Mon. Jul 22nd, 2024

Once all the demolition was done, it was time to move on to rebuilding the bathroom. Despite being excited that the worst was behind me, the thought of all the steps ahead of me was overwhelming.

Before I started framing, we had to make sure the main drain and vent pipe were in the right place and were located out of the way of where I wanted to place my framing.

The worst of the plumbing work was cutting through the existing cast iron vent pipe and replacing a section with new PVC pipe. We had to replace the section because we needed to change how the venting was routed so that we could place the bathtub closer to the exterior wall. In the original configuration, the venting happened on the left side, but with the new pipe in place, we would connect the vents on the right so we could hide the pipes in the wall and not lose any space on the exterior/window wall. Rerouting the plumbing this way should gain 8-9″ overall.

Once the main drain was in place, I moved on to framing the bath and shower area. I started with the easiest wall – the exterior wall. To give us as much room as possible, I installed the 2x4s on their flat side so the wall would only come out 1 1/2″ from the brick. Using tapcon screws, I screws the 2x4s into the brick and then insulated using foil board and spray foam.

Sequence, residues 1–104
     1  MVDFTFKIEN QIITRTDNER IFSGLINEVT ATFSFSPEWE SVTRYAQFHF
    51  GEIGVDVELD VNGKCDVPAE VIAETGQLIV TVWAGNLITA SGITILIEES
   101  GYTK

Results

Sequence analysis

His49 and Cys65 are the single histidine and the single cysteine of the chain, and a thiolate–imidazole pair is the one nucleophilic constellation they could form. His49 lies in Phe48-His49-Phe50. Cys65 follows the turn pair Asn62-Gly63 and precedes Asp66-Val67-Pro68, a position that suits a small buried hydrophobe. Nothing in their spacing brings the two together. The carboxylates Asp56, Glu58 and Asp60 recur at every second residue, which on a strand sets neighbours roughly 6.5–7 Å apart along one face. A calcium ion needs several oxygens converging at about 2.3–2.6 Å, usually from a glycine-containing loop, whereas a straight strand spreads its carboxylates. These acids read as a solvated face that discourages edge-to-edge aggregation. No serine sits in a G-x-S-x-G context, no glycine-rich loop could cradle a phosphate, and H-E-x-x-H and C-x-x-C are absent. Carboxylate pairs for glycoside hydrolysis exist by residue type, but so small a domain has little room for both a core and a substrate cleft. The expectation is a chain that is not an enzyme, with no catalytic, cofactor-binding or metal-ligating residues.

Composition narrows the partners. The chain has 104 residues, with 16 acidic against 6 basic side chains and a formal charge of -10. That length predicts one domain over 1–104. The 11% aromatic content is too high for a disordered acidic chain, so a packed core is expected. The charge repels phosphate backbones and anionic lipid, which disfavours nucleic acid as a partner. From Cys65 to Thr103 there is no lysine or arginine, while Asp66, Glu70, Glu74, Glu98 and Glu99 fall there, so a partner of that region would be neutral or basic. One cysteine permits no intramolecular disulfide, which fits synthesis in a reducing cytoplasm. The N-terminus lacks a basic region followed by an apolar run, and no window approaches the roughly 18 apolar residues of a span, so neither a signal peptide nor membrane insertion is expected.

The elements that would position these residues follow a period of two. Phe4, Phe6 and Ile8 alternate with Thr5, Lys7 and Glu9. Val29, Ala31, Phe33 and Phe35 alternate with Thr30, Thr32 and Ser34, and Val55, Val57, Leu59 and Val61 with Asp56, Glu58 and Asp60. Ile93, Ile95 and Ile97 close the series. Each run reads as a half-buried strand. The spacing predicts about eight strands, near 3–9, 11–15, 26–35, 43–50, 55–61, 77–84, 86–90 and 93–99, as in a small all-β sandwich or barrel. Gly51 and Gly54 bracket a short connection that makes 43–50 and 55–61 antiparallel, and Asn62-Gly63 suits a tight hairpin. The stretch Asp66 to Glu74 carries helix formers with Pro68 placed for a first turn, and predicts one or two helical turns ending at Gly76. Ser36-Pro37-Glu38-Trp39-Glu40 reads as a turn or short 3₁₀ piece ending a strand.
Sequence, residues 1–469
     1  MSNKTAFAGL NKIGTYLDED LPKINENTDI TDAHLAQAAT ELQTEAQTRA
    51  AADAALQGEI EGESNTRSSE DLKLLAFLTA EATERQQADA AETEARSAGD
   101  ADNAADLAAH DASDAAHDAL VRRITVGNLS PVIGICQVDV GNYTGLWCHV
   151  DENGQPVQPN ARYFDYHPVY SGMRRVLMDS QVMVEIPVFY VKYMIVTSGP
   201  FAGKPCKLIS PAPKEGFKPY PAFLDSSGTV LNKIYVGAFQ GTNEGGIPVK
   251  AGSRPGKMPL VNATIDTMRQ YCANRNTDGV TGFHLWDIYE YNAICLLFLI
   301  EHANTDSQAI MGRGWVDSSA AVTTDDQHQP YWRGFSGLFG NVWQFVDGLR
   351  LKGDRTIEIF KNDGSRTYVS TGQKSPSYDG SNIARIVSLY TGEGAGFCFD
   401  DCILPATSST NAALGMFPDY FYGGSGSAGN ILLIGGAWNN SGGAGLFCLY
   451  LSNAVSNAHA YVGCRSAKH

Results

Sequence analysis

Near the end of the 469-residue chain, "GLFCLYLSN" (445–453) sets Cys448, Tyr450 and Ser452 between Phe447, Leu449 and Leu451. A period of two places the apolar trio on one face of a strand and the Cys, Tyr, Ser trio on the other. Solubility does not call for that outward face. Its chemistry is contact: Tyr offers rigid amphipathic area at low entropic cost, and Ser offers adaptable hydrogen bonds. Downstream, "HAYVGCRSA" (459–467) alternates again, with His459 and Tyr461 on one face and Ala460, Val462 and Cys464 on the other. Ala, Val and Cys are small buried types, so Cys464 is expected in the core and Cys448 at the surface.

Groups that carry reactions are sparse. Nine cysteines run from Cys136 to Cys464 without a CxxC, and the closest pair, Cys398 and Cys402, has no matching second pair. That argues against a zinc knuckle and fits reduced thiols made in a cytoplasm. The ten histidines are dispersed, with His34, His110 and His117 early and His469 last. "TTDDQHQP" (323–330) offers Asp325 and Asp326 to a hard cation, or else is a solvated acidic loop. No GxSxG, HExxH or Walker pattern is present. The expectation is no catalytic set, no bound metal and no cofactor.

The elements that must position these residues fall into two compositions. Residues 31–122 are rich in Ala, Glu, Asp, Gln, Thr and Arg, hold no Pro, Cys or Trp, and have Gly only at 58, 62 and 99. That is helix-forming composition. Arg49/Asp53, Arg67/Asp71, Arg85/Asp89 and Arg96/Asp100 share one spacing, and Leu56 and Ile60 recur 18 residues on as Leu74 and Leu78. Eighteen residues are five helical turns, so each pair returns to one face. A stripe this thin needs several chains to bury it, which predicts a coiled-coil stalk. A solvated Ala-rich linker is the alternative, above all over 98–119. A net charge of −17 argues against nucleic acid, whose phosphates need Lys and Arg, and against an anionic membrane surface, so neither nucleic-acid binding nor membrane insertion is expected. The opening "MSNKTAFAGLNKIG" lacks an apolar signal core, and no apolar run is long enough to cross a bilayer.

We dragged the kids to our favourite bathroom stores. The kids were mostly decent, but Elliott had a stomach bug so spent most of the time on the floor of each store. Our day was cut short, but we managed to find a bathtub and toilet that we liked.

Before we installed the tub, we installed a new subfloor and insulated the wall with Rockwool.

Installing the bathtub was not easy without access from below, but luckily we had a small area in front of the tub that gave us some room to work. Getting the tub level was also harder than I expected.

Once everything was installed and the pipe glue had dried, we tested the tub by filling it and draining it. Emptying a bathtub full of water when you’re not entirely sure if everything is bonded correctly is incredibly stressful.

My kids thoroughly enjoyed turning the bathtub box into a playhouse until recycling day.

Luckily I only really had two walls to frame: the exterior window wall, which was relatively simple, and the long party wall. The party wall was complicated because in addition to having nothing to work with (the wall had absolutely no framing before), I had to make sure that all of my framing was in the right spot for everything that was to come – my vanity, all the plumbing, a niche in the shower, and a custom shelf I would eventually build.

Once all the framing was done, Alex then ran electrical wires through the walls and ceiling for our lights and plugs.

We also drilled through the brick to install the vent. We got my dad to drill the hole because neither of us have the strength or patience to make a 4″ hole through two layers of brick.

With everything we needed in the walls, it was time to close up the room with some drywall!

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